Indy 500 pole-winner Dixon, Franchitti robbed at Indy Taco Bell

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FILE - At left, in a May 20, 2017, file photo, IndyCar driver Scott Dixon, of New Zealand, smiles after qualifying for the Indianapolis 500 in Indianapolis. At right, in a May 31, 2013, file photo, Dario Franchitti, of Scotland, smiles after winning the pole position for the Detroit Grand Prix auto race on Belle Isle in Detroit. Police say Indianapolis 500 pole-sitter Scott Dixon and fellow former race winner Dario Franchitti were robbed at gunpoint while in a Taco Bell drive-thru lane, Sunday night, May 21, 2017, less than a mile from the Indianapolis Motor Speedway, where Dixon had hours earlier won the top starting position for next Sunday’s Indy 500. (AP Photo/File) ORG XMIT: NY152


AP Sports Writer

INDIANAPOLIS (AP) — Indianapolis 500 pole-winner Scott Dixon and retired three-time race winner Dario Franchitti were unharmed after being robbed at gunpoint in the drive-thru lane of a Taco Bell making a late-night food run, police said Monday.

The robbery happened shortly before 10 p.m. at the fast-food restaurant less than a mile from the Indianapolis Motor Speedway, where Dixon a few hours earlier had won the top starting position in IndyCar’s showcase race coming up on Sunday. Police did not immediately disclose what was taken.

Two boys, ages 15 and 14, were arrested a short time later.

The police report listed three victims: Dixon, his wife, Emma, and Franchitti. Police spokesman Aaron Hamer said Dixon’s wife was not in the vehicle and the investigation was ongoing.

Tony Kanaan, Dixon’s teammate with Chip Ganassi Racing, told reporters that Dixon was making a food run for a group of drivers, including himself. Franchitti, who retired in 2013, also works for the team.

“While they were ordering with their windows down two guys approached at gunpoint,” Kannan said. “They held a gun at Dixon’s head and asked him for his wallet and his phone. You don’t expect that to happen, especially here.”

Nobody in the car was hurt. By the time practice resumed Monday, some around the 2.5-mile oval were poking fun at the incident.

“I was supposed to be with them. I’m from Brazil, so I’m a little bit more accustomed to this stuff,” Kanaan joked. “I’m glad they’re OK, and now I can make fun of them.”

Team owner Chip Ganassi wrote on Twitter: “There goes that Taco Bell sponsorship we were working on I guess.”

But mostly, the subject made people uncomfortable.

“Life’s fragile and I think we should never take that for granted,” Ganassi Racing managing director Mike Hull said. “I’m just glad that Dario and Scott and Emma are all right.”

Dixon declined to comment on Monday. He is scheduled to be on the series’ media tour in Toronto on Tuesday, where he is likely to be peppered with questions about what happened.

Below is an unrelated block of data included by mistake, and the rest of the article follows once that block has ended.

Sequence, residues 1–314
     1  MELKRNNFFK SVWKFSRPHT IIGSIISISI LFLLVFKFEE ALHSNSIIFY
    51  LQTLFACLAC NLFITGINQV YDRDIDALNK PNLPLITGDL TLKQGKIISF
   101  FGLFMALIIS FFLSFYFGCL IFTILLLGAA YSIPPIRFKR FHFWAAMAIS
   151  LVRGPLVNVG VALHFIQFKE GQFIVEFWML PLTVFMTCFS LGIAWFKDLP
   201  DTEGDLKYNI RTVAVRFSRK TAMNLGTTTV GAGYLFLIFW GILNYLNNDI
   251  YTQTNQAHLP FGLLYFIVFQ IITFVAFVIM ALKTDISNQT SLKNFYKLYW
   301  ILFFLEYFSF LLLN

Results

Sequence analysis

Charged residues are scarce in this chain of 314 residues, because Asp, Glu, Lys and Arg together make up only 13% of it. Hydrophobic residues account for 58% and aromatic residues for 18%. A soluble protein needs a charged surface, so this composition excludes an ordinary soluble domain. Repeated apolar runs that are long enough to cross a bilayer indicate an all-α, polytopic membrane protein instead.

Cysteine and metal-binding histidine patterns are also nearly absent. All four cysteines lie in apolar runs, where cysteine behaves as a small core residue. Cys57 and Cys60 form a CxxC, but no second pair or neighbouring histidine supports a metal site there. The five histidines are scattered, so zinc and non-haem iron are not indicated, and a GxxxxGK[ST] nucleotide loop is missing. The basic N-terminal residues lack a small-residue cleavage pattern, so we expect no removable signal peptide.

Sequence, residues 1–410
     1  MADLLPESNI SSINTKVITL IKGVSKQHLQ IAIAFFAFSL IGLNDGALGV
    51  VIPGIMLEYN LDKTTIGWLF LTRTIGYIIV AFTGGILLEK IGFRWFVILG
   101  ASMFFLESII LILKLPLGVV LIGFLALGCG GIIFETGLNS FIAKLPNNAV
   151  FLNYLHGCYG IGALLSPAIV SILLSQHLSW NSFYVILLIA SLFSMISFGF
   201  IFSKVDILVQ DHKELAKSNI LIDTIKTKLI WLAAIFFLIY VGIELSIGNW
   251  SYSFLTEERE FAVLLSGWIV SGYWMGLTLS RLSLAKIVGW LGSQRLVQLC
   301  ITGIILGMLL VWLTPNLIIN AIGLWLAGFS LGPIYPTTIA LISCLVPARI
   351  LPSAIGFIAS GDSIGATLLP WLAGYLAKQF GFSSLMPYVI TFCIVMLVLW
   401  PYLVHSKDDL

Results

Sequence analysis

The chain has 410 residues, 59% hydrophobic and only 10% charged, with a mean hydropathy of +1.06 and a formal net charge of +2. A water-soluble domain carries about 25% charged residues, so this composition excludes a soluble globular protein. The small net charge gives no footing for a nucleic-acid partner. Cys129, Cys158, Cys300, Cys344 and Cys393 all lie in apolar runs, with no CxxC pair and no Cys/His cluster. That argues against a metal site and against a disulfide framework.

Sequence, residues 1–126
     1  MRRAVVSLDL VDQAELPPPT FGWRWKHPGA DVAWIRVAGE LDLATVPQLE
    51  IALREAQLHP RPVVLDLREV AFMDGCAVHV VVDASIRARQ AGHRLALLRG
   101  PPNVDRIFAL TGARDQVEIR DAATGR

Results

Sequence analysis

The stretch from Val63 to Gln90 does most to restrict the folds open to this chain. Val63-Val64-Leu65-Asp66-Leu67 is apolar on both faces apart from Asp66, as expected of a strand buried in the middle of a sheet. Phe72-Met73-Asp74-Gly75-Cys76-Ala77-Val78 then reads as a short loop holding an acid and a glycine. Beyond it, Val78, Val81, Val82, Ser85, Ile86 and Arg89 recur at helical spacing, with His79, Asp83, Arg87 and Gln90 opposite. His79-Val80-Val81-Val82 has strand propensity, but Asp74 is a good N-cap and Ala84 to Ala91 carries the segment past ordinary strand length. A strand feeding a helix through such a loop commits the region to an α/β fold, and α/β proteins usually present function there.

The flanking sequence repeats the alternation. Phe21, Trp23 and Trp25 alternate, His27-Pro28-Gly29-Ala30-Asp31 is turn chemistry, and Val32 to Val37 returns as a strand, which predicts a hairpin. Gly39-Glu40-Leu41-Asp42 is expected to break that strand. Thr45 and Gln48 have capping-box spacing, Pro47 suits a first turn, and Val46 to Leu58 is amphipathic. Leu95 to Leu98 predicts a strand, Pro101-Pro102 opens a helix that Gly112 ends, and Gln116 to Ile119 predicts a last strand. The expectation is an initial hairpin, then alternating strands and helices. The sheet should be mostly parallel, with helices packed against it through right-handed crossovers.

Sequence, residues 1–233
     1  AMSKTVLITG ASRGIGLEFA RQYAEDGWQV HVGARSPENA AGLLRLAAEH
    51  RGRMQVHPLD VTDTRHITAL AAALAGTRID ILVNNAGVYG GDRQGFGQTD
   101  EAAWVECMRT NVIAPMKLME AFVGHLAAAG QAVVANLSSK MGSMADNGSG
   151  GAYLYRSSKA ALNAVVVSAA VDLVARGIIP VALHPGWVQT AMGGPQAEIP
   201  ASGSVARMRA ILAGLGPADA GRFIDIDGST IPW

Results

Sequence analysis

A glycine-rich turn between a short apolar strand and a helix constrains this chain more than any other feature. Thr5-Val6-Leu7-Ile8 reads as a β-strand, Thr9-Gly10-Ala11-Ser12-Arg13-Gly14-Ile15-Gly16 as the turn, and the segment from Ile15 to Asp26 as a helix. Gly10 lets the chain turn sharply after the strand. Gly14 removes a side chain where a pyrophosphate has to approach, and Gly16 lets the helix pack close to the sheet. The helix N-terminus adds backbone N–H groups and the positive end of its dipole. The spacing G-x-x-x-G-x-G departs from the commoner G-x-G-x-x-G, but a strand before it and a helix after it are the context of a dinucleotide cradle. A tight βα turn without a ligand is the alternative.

Until then, Ganassi and his team are not conducting interviews so they can focus on getting ready for Sunday’s race.

“Scott Dixon and Dario Franchitti are completely fine after being held up last night by two men at a fast-food restaurant,” the team said in a statement. “We will allow the Speedway/Indianapolis police departments to handle the situation and while they conduct their investigation we will refrain from making any further comments to allow Scott to focus on the upcoming Indianapolis 500.”

In the report, detectives said surveillance cameras showed a suspicious vehicle in the parking lot before the robbery. About 30 minutes later, the report said, officers stopped the car and the passenger fled. He was apprehended by a police dog. One of the suspects was taken to Marion County Holding at Eskenazi Hospital while the other went to the local juvenile detention center.

Police say one of the suspects was identified by one of the robbery victims. The Marion County Prosecutor’s Office will review the case and make a changing decision.

Dixon, who is from New Zealand, is the 2008 Indy 500 winner. He is fourth all-time on the series’ career list for wins (40), is tied for second in most series championships (four) and is now one of five drivers to win the Indy pole three times. He also is a friend of longtime teammate Franchitti, a Scot who was forced into retirement following a serious crash late in the 2013 season at Houston.

Franchitti won 31 IndyCar races, tied for ninth all-time, and like Dixon won four series titles. Franchitti and Brazil’s Helio Castroneves are the only foreign-born drivers to win the Indy 500 three times.

“We’re all very relieved to hear that everyone is safe and that the suspects were caught,” Taco Bell Corp. spokesman Rob Poetsch said in an email.

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